Hypoplastic left heart syndrome (HLHS) is a birth defect. In HLHS, the left side of the heart is underdeveloped. This affects the blood flow through the heart.
In a normal heart, the right side pumps blood that needs oxygen to the lungs, and the left side pumps blood with oxygen to the body. In HLHS, the left side is not able to function. In the first few days after birth, the right side of the heart is able to pump blood to both the lungs and the body. This is possible because of openings between the two sides of the heart. However, these openings soon close. Then it is difficult for oxygen-rich blood to get to the body.
HLHS usually requires surgery or a transplant soon after birth. Up to four out of every 10,000 live births will result in infants with HLHS. (LPCH)
In most kids, HLHS is related to one of the following:
- a genetic defect
- abnormal chromosomes
- exposure to an environmental toxin
Sometimes, HLHS occurs with no apparent cause.
The parts of the heart usually affected by HLHS are:
- mitral valve: This valve controls blood flow between the left upper (left atrium) and left lower portions (left ventricle) of the heart.
- left ventricle: This is the lower left chamber of the heart, which sends blood to the main artery (aorta). The main artery feeds oxygenated blood to the rest of the body. Underdevelopment of the left ventricle has a major effect on a child’s life because its strength directly relates to how effectively oxygenated blood flows through the rest of the body.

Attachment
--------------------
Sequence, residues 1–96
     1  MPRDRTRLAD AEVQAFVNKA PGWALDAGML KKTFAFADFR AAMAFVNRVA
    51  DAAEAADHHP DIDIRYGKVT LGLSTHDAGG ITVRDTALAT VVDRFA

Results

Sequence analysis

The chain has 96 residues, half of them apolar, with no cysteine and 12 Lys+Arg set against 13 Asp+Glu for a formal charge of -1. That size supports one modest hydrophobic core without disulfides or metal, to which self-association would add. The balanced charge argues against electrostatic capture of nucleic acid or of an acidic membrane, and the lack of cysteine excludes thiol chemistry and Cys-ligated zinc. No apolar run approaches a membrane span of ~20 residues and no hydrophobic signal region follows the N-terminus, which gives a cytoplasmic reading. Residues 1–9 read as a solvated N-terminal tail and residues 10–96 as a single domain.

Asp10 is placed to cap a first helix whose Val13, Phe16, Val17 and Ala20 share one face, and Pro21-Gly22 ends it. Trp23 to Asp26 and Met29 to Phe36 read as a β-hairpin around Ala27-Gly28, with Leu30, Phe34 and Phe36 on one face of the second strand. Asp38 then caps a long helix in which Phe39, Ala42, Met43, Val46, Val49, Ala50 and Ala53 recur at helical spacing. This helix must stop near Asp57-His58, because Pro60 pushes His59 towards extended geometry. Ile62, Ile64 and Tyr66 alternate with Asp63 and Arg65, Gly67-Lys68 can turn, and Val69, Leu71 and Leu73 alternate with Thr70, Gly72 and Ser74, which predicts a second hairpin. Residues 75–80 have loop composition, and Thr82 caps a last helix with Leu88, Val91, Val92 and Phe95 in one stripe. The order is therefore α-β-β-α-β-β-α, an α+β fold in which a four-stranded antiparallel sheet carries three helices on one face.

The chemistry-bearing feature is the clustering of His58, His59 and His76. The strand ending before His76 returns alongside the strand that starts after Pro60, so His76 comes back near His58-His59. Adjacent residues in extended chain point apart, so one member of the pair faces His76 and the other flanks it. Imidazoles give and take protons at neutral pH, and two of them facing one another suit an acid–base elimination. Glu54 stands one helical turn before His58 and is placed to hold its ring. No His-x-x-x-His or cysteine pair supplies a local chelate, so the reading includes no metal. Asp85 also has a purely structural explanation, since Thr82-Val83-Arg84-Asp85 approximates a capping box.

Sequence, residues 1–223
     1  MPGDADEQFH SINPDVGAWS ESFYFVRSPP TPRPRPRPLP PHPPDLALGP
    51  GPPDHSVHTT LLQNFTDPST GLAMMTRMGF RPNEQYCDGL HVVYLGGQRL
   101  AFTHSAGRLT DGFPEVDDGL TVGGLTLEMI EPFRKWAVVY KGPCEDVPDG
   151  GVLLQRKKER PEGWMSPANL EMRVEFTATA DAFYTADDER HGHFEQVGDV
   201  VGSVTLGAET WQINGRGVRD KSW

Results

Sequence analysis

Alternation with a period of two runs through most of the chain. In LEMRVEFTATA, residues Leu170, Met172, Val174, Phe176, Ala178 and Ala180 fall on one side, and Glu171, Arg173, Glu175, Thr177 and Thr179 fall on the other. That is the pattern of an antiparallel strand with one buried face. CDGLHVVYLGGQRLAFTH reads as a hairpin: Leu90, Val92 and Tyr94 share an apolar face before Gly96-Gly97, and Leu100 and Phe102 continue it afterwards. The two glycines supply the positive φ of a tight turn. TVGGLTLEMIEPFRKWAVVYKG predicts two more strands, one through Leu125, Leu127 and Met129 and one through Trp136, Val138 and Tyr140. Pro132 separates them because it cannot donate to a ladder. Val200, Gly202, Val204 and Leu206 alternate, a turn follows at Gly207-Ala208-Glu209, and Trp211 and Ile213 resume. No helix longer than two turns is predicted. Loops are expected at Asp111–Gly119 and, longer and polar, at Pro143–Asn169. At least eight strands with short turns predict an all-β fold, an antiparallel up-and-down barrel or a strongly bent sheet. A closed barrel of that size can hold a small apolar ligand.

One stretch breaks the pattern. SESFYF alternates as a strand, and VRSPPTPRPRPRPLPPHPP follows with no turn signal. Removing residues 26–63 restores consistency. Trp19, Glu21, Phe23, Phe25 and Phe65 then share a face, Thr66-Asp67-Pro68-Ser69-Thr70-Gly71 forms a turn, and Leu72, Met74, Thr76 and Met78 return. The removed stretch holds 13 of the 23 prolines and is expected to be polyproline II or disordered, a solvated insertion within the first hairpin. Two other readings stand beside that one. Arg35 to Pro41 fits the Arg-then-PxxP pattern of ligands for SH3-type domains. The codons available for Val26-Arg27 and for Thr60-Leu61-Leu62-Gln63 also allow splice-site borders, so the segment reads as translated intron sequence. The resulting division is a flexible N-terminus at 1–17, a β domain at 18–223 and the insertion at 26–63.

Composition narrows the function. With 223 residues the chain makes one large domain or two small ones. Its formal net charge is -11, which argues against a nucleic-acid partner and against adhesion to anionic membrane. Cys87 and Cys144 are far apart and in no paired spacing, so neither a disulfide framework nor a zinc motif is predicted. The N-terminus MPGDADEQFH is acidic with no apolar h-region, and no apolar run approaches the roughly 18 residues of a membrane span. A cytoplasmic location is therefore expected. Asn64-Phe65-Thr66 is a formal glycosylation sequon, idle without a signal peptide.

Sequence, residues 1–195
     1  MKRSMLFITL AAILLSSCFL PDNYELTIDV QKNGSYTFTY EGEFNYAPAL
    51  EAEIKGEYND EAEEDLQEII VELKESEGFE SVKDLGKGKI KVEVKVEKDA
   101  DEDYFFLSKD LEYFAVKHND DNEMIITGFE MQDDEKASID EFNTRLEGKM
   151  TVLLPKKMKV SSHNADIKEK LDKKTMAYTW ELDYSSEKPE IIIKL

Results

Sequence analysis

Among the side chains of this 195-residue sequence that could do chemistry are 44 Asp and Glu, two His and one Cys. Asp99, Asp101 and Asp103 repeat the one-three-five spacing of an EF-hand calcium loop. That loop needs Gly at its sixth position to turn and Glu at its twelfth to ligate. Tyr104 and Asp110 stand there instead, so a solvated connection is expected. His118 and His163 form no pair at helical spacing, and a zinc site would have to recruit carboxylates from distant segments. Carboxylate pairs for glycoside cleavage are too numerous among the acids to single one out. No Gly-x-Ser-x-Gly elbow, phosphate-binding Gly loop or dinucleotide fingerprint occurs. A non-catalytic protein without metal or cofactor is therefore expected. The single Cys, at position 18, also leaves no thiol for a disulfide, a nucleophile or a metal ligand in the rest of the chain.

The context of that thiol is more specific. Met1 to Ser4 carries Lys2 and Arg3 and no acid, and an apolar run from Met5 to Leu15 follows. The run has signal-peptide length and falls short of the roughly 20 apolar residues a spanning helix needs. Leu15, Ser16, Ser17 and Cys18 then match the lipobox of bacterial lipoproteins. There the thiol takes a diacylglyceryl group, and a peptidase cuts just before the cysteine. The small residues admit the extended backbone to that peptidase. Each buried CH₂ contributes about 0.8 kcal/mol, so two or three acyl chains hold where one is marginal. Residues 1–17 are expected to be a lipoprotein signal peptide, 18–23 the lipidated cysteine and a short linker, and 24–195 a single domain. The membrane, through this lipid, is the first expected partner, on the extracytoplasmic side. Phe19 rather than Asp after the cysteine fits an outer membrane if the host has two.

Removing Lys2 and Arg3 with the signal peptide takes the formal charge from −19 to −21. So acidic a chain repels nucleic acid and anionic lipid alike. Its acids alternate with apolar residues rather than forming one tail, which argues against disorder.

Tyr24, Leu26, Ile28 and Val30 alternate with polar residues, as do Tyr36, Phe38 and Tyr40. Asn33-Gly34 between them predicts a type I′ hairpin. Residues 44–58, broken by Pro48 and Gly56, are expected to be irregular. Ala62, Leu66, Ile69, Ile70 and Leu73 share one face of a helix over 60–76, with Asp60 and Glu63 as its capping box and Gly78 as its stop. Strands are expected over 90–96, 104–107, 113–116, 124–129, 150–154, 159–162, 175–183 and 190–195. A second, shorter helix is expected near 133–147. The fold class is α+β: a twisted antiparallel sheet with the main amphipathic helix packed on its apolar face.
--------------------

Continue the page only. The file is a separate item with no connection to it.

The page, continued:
- aortic valve: This valve monitors the flow of blood from the heart into the aorta.
- aorta: This is your body’s biggest artery. It is the primary blood vessel that leads from the heart to the body.
Babies with HLHS often also have an atrial septal defect, which is a hole between the upper left and upper right heart chambers.
Since the defect occurs while a baby is still in the womb, most symptoms are apparent immediately after birth. Different areas of the left side of the heart are affected, so the symptoms will vary from child to child.
Common symptoms include
- blue tinge to skin, lips, and nails
- lack of appetite
- dilated pupils
- vacant stare
- sweaty/mottled skin
- heavy and/or rapid breathing
- accelerated heart rate
- cold hands/feet
- weak pulse
Babies are given an initial examination upon birth to check for any problems not readily apparent. If the doctor notices any symptoms of hypoplastic left heart syndrome, he or she will usually have the infant seen by a baby heart doctor right away.
Heart murmurs are another physical sign that a child has HLHS. A heart murmur is an abnormal sound caused by the blood not flowing properly. The doctor can hear this with a stethoscope. In some cases, HLHS is diagnosed before birth while the mother is undergoing an ultrasound.
In addition, the following diagnostic tests may be used:
- chest X-ray: This test uses radiation to create pictures of the heart.
- electrocardiogram (ECG): This test measures the heart’s electrical activity. It will reveal if the heart is beating abnormally and will assist a doctor in determining if there is any heart muscle damage.